Over the past 35 years, researchers have explored seafloor deep-sea hydrothermal vent environments around the globe and studied a number of microbial ecosystems there, which is now called as Dark Energy Ecosystems. Bioinformatics and interdisciplinary geochemistry-microbiology approaches have provided new ideas on the diversity and community composition of microbial life living in deep-sea vents. In particular, recent investigations have revealed that the community structure and productivity of chemolithotrophic microbial communities in the deep-sea hydrothermal environments are controlled primarily by variations in the geochemical composition of hydrothermal fluids.
This was originally predicted by a thermodynamic calculation of energy yield potential of various chemolithotrophic metabolisms in a simulated hydrothermal mixing zone. The prediction, called as McCollom and Shock's prediction, has been finally justified by the relatively quantitative geomicrobiological characterizations in various deep-sea hydrothermal vent environments all over the world. Thus, there should be a possible principle that the thermodynamic estimation of chemolithotrophic energy yield potentials could predict the realistic chemolithotrophic living community in any of the deep-sea hydrothermal vent environments in this planet. Once such a principle is realized, the principle can be applied not only to the exploration of extant dark energy ecosystem but also to the understanding of the most ancient dark energy ecosystem in the Earth and even the likely extraterrestrial dark energy ecosystems in our solar system.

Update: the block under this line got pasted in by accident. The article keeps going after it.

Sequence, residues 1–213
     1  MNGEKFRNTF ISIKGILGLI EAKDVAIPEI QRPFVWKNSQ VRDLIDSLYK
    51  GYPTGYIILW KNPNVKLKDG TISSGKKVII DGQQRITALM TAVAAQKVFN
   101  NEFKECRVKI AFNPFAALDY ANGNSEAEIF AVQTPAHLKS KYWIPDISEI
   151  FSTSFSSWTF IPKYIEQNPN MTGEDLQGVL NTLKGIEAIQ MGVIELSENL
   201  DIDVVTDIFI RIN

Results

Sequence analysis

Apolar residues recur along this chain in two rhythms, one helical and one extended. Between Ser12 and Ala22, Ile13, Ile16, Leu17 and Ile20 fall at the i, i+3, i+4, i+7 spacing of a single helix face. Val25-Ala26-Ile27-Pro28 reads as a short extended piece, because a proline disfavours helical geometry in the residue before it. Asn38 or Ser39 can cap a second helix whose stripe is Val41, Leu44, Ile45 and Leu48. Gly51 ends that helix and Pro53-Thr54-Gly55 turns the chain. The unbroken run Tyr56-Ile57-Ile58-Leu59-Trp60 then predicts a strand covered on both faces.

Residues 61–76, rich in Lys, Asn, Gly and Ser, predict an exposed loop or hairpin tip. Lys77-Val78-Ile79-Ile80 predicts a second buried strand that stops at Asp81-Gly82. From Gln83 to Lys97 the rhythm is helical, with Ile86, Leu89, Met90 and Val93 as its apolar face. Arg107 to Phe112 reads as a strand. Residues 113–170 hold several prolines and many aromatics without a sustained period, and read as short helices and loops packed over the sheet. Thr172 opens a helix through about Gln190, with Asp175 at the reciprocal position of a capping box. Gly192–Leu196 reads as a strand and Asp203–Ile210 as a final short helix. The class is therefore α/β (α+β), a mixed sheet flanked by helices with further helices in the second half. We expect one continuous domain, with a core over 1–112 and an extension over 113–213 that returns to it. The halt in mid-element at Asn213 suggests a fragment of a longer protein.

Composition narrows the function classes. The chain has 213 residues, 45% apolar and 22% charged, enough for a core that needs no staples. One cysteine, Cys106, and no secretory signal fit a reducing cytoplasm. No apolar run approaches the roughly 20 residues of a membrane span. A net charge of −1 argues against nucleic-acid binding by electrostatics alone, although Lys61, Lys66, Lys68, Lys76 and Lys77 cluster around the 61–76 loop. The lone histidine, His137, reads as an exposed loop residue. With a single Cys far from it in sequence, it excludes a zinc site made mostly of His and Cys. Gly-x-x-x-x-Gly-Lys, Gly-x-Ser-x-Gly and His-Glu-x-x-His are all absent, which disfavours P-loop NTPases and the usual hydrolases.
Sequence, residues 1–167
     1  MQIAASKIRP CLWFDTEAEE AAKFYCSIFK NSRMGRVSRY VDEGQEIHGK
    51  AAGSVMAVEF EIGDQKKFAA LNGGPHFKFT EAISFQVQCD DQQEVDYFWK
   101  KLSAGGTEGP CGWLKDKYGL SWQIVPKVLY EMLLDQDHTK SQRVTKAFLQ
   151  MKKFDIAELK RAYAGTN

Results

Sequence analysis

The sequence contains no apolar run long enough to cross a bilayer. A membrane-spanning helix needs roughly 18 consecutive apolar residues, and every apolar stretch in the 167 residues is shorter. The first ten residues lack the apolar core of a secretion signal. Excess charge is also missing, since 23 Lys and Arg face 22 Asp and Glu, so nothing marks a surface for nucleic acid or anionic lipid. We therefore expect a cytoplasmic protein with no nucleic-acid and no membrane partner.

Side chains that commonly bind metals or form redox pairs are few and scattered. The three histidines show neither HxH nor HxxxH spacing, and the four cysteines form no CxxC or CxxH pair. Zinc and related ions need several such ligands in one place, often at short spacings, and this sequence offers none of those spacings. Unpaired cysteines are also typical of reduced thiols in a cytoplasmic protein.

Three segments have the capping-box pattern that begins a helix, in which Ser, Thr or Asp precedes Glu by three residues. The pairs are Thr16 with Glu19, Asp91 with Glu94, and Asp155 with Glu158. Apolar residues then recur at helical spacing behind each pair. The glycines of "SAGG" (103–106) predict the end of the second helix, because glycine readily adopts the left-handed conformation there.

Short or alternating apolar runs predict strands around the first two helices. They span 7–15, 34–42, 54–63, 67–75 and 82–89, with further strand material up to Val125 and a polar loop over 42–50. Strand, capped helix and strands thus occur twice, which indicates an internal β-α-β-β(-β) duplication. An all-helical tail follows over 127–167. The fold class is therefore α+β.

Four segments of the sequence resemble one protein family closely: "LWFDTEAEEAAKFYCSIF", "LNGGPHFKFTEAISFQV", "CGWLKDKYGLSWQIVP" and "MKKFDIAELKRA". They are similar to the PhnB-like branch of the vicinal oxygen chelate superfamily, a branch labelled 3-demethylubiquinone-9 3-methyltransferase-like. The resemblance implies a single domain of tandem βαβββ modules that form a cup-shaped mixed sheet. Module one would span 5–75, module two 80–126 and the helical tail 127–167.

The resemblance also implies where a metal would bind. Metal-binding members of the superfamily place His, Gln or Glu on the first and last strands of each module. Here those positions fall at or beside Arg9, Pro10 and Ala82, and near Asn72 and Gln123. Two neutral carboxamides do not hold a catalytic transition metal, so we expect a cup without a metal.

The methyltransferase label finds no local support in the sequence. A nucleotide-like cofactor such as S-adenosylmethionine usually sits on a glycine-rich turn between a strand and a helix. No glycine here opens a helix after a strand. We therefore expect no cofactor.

In addition, recent electrochemical studies of deep-sea hydrothermal mineral deposits and environments have pointed to the existence of microbial ecosystems beyond McCollom and Shock's prediction.